As a gamer and gaming journalist you end up spending a lot of your time on YouTube, as this is the platform where almost all trailers and footage are uploaded so, as you can guess, you get quite familiar with the platform.
Finding channels that you actually enjoy can be a challenge and, with that in mind, I thought I would share the five YouTube channels that received most of my attention in 2016.
As a supporter of both local and international content, I’ve decided to split up my lists to reflect as such, starting with the internationals:
Recently voted “Upcoming Personality of the Year” at The Golden Joystick Awards, Jesse Cox is a lets-player that mainly focuses on RPG’s who has a similar in-built obsession with finding loot in whatever game he is playing to myself, and that pleases me deeply.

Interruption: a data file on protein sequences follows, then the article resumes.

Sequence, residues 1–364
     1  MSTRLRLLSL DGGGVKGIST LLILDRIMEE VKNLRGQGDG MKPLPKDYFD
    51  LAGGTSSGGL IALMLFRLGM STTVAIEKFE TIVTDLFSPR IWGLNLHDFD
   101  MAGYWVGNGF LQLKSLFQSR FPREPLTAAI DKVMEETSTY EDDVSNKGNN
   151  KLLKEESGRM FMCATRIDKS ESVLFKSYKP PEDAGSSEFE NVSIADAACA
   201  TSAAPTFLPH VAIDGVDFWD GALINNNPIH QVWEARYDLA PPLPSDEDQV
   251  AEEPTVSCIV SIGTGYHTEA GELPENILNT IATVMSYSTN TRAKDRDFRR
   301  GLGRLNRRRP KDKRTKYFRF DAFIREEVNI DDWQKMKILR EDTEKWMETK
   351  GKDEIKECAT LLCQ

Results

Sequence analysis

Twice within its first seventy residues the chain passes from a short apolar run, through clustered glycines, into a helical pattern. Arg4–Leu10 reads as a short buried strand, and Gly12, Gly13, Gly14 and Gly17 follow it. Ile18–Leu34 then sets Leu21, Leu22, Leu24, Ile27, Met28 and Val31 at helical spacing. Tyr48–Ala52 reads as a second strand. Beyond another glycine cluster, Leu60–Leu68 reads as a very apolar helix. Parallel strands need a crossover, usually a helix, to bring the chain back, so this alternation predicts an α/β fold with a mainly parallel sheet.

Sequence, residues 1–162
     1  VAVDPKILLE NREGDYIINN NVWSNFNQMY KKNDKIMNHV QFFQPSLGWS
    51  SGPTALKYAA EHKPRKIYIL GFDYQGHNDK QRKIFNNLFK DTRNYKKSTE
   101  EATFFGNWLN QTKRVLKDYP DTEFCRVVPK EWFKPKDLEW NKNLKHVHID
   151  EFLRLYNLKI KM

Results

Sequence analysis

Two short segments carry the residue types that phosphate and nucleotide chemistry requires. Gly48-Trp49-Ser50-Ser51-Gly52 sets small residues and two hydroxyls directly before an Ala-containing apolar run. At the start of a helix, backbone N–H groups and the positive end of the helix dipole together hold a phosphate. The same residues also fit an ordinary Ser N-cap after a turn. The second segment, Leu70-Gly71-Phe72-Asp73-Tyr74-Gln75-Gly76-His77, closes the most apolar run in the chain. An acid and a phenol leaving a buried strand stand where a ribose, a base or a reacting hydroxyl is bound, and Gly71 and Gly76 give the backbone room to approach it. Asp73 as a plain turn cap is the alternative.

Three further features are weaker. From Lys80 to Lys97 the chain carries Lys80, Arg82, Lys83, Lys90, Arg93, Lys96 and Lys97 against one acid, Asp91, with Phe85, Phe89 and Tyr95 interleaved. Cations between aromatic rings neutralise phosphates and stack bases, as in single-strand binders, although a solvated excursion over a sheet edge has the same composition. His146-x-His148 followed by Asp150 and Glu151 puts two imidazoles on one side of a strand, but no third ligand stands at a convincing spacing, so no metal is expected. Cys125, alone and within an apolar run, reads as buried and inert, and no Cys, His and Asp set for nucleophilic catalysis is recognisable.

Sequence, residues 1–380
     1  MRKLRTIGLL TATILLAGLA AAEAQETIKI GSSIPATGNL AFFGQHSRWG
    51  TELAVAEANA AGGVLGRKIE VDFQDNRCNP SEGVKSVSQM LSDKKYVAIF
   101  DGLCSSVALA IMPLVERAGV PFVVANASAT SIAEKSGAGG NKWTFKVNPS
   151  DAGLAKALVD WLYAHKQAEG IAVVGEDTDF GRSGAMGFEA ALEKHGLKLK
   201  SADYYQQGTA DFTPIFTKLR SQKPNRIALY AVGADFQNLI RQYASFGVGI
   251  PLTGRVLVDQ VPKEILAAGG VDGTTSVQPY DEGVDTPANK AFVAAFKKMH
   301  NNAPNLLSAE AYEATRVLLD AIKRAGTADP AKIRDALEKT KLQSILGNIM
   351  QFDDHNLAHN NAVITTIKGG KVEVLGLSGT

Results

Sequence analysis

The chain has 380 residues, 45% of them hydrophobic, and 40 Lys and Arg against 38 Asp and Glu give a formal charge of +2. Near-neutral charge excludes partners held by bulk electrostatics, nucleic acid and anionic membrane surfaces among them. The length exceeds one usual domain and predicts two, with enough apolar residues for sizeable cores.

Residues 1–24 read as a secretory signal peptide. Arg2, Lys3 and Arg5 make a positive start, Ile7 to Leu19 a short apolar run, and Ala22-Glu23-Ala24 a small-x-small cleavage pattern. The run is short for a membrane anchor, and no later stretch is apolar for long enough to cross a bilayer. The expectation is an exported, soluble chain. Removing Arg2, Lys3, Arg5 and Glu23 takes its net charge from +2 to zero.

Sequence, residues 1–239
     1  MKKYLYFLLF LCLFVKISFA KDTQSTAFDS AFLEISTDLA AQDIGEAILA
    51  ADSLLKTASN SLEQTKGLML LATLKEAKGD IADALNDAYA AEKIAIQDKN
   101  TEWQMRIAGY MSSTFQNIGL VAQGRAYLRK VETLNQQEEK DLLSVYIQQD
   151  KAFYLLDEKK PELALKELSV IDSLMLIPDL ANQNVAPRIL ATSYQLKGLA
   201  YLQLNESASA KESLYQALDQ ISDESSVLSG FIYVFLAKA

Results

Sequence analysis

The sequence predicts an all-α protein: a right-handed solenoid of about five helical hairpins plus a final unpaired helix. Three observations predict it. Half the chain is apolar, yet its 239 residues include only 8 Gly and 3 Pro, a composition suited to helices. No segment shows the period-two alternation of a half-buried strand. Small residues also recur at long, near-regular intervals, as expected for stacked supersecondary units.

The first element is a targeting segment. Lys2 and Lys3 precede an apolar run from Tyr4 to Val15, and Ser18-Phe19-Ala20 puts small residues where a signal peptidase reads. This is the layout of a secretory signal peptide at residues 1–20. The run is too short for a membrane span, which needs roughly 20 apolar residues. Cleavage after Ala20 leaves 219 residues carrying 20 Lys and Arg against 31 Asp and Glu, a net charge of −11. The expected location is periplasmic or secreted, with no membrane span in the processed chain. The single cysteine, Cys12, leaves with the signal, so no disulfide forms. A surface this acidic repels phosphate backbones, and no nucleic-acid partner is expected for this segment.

It is his charming and witty personality that ultimately keeps viewers around for the long run, and his often-improvised songs and expressions of delight often make for meme-worthy scenarios.
Cox is by no means an RPG exclusive player however, teaming up with journalist Jared Rosen for his Greenlight series, which explores interesting new indie titles; The Scary Game Squad, which has Cox team up with friends to take on the latest spooks and scares in the business; and Fan Friday, which often has him playing beyond bizarre video games that are requested by fans and subscribers.
If you’re looking for someone obsessed with lore and provides a slightly silly and all-together a good time, look no further than the “Coxinator”.